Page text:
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Understanding human footprint on climate: Research for which 3 scientists got Physics Nobel

The Nobel Prize in Physics 2021 was awarded jointly to three scientists — the duo of Syukuro Manabe and Klaus Hasselmann, and Giorgio Parisi — for their work on the physics of complex systems including climate modelling

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Bengaluru: The 2021 Nobel Prize in Physics has been awarded jointly to three scientists — Syukuro Manabe of Princeton University, Klaus Hasselmann of Max Planck Institute of Meteorology, and Giorgio Parisi of Sapienza University of Rome.

The combined work of the three laureates has contributed to humanity’s understanding of the effects of carbon dioxide emissions into the atmosphere, the accelerating greenhouse effect, and cyclical patterns in natural phenomena (starling murmurations) and long-term climate phenomena (recurring ice ages).

The prize amount of 10 million Swedish kronor (approx. Rs 8.3 crore) is to be split in half, with one part going jointly to Manabe and Hasselmann for their work on the Earth’s climate and humanity’s influence on it, and the other to Parisi for his work on random processes and disordered materials.

“Complex systems are characterised by randomness and disorder and are difficult to understand. This year’s Prize recognises new methods for describing them and predicting their long-term behaviour,” said the Nobel Committee in its official release Tuesday.

The statement from Thors Hans Hansson, chair of the Nobel Committee for Physics, added: “The discoveries being recognised this year demonstrate that our knowledge about the climate rests on a solid scientific foundation, based on a rigorous analysis of observations. This year’s Laureates have all contributed to us gaining deeper insight into the properties and evolution of complex physical systems.”


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Complex systems and Earth’s climate

The Earth’s climate is considered to be a complex physical system, characterised by many parameters that influence each other and create random, chaotic processes that are difficult to model mathematically. In such models, extremely minor deviations and modifications result in exponentially large differences at a later point in time.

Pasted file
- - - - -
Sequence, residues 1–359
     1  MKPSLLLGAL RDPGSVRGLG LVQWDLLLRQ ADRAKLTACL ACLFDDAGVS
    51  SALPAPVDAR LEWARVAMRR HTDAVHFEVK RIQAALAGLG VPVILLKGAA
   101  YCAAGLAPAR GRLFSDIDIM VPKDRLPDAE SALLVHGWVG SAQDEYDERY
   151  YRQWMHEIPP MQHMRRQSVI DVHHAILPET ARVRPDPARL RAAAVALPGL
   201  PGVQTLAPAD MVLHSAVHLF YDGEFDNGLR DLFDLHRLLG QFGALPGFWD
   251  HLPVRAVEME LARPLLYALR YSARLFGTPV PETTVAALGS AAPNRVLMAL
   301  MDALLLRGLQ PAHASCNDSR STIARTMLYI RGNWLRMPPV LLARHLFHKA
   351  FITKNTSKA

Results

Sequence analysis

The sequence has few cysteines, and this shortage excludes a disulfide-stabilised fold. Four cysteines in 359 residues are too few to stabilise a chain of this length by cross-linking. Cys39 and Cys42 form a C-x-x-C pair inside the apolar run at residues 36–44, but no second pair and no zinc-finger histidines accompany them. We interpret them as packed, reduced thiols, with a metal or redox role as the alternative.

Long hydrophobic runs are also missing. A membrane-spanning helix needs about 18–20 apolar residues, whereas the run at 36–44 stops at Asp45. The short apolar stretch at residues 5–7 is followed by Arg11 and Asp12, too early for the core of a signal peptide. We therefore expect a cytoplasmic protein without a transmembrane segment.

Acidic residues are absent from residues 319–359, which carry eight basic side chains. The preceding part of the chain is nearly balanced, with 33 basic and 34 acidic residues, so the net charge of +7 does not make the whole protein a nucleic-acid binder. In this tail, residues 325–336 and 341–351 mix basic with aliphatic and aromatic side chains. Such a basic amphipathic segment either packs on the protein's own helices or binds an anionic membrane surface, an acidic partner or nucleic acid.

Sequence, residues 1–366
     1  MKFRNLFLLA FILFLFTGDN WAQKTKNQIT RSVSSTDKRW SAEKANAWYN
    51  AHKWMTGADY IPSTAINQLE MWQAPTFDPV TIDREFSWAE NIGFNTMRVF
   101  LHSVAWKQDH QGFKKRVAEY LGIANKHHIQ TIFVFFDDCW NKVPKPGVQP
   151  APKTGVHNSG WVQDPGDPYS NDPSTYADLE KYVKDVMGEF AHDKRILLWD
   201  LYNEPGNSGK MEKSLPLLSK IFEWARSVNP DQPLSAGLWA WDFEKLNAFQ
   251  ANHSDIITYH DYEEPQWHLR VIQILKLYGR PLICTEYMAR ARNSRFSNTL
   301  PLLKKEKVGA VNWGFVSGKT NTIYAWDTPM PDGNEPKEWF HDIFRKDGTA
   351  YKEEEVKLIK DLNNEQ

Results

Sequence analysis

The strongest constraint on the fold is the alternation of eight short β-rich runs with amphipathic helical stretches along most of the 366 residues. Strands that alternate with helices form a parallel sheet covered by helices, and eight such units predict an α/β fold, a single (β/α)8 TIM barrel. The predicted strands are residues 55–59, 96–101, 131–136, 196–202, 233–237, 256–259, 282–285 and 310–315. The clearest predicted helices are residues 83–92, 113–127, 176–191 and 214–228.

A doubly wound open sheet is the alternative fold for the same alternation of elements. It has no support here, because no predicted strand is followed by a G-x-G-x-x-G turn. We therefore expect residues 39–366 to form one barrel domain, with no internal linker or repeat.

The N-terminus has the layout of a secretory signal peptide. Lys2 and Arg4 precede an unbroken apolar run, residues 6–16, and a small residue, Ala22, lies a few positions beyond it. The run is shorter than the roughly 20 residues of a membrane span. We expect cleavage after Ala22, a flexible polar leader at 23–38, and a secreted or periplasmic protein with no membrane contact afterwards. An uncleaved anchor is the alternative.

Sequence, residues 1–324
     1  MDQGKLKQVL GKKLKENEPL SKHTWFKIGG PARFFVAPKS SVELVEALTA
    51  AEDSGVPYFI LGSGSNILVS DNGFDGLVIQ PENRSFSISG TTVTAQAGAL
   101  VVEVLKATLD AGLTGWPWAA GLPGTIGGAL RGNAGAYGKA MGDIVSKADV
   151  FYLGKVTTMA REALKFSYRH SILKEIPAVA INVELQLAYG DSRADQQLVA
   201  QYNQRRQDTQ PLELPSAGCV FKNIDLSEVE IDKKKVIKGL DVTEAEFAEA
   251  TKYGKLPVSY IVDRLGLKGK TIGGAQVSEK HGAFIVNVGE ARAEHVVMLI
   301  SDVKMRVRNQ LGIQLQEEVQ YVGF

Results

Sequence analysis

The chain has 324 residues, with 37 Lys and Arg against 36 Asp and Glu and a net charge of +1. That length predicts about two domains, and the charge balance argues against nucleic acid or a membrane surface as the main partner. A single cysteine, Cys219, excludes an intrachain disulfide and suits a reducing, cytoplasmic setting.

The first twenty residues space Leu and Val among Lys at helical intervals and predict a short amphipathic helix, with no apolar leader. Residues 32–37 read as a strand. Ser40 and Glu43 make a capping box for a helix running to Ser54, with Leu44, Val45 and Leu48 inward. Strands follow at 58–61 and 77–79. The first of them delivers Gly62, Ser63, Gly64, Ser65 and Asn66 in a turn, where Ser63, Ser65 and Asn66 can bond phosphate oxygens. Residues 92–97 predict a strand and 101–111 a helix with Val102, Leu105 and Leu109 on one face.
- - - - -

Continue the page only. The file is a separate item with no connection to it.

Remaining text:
Understanding these parameters in a warming world requires comprehending the influence of human activity on the environment and the climate.

In the 1960s, Manabe was one of the earliest scientists to develop physical models of the Earth’s climate. He was the first person to study how the balance between radiation received by Earth from the Sun and radiated back to space from Earth (radiation balance), affects the vertical movement of air. He discovered that oxygen and nitrogen had negligible effects on surface temperature while carbon dioxide increased temperatures.

Manabe’s work paved the way for the development of the very first climate models in the world to explore humanity’s role in carbon dioxide emissions.

Hasselmann performed pioneering work in early climate models that came to be developed in the 1970s, and established that despite complex, chaotic processes, climate models are reliable. He created the first model to link weather in the short term to climate in the long term. He also created the first methods to identify the human fingerprints on climate, and changes stemming from natural phenomena not influenced by humans such as solar radiation, the Milankovitch cycles, and volcanic emissions.

Hasselmann’s work proved that anthropogenic emissions of carbon dioxide are the cause for rising atmospheric temperatures today.

In the 1980s, Parisi performed work on disordered complex materials. These are materials that, at atomic and molecular levels, are not homogenous and have minute structural or magnetic differences throughout their form.

There are two main classes of disordered materials — liquids and different kinds of glass.

Parisi identified hidden patterns in glass which explained seemingly random and chaotic processes, and his work influenced the understanding of random processes and complex materials in other subjects as well, such as biology, neuroscience, machine learning, and mathematics.

The Physics Nobel’s India connection

The Nobel Prizes are awarded every year in the subjects of physiology or medicine, physics, chemistry, literature, and peace. A sixth Nobel Memorial Prize in Economic Sciences, not established in Alfred Nobel’s will in 1895, is also awarded by the Karolinska Institutet. Winners are selected by committees in Sweden and Norway, and receive a gold medal and 10 million Swedish kronor (Rs 8.3 crore).

The Nobel prizes have also been a subject of ongoing criticism for their lack of recognition of women, people of colour, and scientists from the global south or middle and low income countries. Of the 219 laureates of the Nobel in Physics since 1901, only four have been women. In total, only 14 have not been citizens of the United States, EU, or the former Soviet Union.

Two Indian-origin scientists have received the Physics Nobel — C.V. Raman was the 1930 laureate for his work on the scattering of light (Raman effect), while Indian-American Subrahmanyan Chandrasekhar won the 1983 Physics Nobel for stellar evolution.

Mohammad Abdus Salam from Pakistan won it in 1979 for his work on electromagnetic interaction.


Also read: Women pioneers to be focus as World Space Week kicks off today


 

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